Edna O’Brien: Literature Against Loneliness

For writers in need of inspiration, look no further. The lauded Irish grande dame of the short story, Edna O’Brien, shares her own journey of writing and life in this wonderful interview from Radio Open Source.

Talking with Christopher Lydon in 2011, O’Brien discussed her life growing up in rural West of Ireland, a setting that has informed much of her work—the fields, towns, and lives of hardworking men and “rueful” women. “Her eye and ear miss nothing,” Lydon says, and quotes Philip Roth, who likened O’Brien’s work to “a piece of fine meshwork, a net of perfectly observed sensuous details that enables you to contain all the longing and pain and remorse that surge through the fiction.” As O’Brien says:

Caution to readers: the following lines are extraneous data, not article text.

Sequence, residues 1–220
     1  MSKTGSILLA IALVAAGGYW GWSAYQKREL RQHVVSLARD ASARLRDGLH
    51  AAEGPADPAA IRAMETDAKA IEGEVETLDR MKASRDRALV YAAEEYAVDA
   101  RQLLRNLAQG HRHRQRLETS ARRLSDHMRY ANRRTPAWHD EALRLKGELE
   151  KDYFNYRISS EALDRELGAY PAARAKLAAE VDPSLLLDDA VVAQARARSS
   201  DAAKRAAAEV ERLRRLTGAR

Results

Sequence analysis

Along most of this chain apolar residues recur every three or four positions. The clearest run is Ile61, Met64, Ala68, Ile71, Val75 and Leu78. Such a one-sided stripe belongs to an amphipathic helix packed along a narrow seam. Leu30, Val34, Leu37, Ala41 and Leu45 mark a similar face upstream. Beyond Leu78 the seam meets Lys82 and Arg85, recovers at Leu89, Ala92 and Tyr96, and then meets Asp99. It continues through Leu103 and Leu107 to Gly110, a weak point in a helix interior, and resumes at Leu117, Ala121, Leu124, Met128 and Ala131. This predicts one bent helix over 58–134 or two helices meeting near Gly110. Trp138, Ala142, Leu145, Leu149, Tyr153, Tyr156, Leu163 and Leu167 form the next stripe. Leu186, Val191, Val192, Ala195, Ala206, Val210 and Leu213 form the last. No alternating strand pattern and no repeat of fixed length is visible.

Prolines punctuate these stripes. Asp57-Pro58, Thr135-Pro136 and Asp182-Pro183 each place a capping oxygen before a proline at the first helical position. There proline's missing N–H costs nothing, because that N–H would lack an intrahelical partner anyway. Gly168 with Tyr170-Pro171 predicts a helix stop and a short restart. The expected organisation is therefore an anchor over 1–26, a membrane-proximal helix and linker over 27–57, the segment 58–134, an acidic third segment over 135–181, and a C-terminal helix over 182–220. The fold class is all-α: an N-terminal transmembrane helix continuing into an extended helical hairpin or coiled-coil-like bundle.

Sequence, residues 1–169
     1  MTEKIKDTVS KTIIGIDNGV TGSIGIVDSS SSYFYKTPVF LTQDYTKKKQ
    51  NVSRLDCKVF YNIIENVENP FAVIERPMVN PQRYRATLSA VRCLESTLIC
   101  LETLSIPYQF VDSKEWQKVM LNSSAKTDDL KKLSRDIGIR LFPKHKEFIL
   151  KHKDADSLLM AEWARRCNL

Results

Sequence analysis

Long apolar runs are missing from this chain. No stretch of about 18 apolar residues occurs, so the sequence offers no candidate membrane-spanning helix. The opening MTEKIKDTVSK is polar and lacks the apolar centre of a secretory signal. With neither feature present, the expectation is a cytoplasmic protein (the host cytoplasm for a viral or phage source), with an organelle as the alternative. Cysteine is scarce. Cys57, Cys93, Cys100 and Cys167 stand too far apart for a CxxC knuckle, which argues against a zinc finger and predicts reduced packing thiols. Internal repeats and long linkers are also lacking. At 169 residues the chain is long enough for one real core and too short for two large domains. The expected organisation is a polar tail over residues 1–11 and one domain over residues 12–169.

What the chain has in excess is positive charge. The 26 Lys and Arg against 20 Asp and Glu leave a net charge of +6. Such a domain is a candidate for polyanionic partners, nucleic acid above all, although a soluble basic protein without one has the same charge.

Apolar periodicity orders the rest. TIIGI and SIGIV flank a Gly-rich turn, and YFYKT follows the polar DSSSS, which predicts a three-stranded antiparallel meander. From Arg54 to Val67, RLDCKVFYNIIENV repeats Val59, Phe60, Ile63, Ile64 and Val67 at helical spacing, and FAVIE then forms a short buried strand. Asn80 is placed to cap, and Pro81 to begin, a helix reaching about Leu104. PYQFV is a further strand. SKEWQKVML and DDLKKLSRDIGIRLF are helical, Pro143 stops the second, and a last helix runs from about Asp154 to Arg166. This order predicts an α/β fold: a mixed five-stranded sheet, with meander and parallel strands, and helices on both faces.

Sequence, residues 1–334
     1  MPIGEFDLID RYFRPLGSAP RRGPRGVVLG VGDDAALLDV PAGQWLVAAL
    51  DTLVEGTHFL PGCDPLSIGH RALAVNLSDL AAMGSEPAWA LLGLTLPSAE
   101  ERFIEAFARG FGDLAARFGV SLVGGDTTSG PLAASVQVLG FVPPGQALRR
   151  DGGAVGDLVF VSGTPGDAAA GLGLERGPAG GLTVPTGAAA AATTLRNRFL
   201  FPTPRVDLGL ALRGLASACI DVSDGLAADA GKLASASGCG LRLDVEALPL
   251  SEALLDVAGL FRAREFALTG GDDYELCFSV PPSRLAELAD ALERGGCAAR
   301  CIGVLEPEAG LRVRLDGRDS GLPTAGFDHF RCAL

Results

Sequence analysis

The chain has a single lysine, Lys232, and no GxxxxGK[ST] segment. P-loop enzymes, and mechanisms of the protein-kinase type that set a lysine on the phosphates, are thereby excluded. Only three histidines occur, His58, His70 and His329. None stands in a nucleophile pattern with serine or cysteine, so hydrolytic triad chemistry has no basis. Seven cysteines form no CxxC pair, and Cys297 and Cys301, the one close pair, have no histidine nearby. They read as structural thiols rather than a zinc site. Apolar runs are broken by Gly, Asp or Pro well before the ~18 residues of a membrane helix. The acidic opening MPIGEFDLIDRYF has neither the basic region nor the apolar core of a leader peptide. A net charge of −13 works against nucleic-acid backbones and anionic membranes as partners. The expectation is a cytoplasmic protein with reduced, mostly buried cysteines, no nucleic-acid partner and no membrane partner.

I like to hear about people’s lives, not just because I want to write about it, which has to be confessed, but because it’s lonely on earth, really, and two things make it less lonely. One is literature, which we have to try and save in this wicked and worried and crazy world. The other is meeting or talking with someone who actually, even for an hour, kind of enchants you.

Listen and read excerpts here.

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